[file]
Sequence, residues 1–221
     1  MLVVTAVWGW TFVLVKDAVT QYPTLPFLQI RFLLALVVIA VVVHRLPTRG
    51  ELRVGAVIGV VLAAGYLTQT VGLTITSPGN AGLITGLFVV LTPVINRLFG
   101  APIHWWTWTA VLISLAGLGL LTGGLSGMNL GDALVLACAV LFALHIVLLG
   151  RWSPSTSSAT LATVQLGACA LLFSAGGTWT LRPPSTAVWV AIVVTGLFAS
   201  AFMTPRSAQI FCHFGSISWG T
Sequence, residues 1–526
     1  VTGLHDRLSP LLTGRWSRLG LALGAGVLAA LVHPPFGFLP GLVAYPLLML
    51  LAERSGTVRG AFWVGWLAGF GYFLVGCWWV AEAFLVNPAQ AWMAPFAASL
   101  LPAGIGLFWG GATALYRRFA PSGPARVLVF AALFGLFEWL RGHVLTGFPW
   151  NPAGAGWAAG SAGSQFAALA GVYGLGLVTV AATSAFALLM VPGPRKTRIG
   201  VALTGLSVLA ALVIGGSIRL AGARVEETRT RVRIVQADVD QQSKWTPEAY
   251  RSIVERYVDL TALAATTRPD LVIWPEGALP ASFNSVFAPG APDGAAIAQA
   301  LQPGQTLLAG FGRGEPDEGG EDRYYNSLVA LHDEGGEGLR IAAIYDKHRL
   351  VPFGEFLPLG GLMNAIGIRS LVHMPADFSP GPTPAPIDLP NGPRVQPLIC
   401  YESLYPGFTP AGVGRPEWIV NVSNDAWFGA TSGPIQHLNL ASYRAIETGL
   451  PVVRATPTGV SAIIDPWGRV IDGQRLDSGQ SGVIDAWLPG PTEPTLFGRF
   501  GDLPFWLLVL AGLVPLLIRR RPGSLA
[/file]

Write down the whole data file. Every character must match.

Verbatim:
Sequence, residues 1–221
     1  MLVVTAVWGW TFVLVKDAVT QYPTLPFLQI RFLLALVVIA VVVHRLPTRG
    51  ELRVGAVIGV VLAAGYLTQT VGLTITSPGN AGLITGLFVV LTPVINRLFG
   101  APIHWWTWTA VLISLAGLGL LTGGLSGMNL GDALVLACAV LFALHIVLLG
   151  RWSPSTSSAT LATVQLGACA LLFSAGGTWT LRPPSTAVWV AIVVTGLFAS
   201  AFMTPRSAQI FCHFGSISWG T
Sequence, residues 1–526
     1  VTGLHDRLSP LLTGRWSRLG LALGAGVLAA LVHPPFGFLP GLVAYPLLML
    51  LAERSGTVRG AFWVGWLAGF GYFLVGCWWV AEAFLVNPAQ AWMAPFAASL
   101  LPAGIGLFWG GATALYRRFA PSGPARVLVF AALFGLFEWL RGHVLTGFPW
   151  NPAGAGWAAG SAGSQFAALA GVYGLGLVTV AATSAFALLM VPGPRKTRIG
   201  VALTGLSVLA ALVIGGSIRL AGARVEETRT RVRIVQADVD QQSKWTPEAY
   251  RSIVERYVDL TALAATTRPD LVIWPEGALP ASFNSVFAPG APDGAAIAQA
   301  LQPGQTLLAG FGRGEPDEGG EDRYYNSLVA LHDEGGEGLR IAAIYDKHRL
   351  VPFGEFLPLG GLMNAIGIRS LVHMPADFSP GPTPAPIDLP NGPRVQPLIC
   401  YESLYPGFTP AGVGRPEWIV NVSNDAWFGA TSGPIQHLNL ASYRAIETGL
   451  PVVRATPTGV SAIIDPWGRV IDGQRLDSGQ SGVIDAWLPG PTEPTLFGRF
   501  GDLPFWLLVL AGLVPLLIRR RPGSLA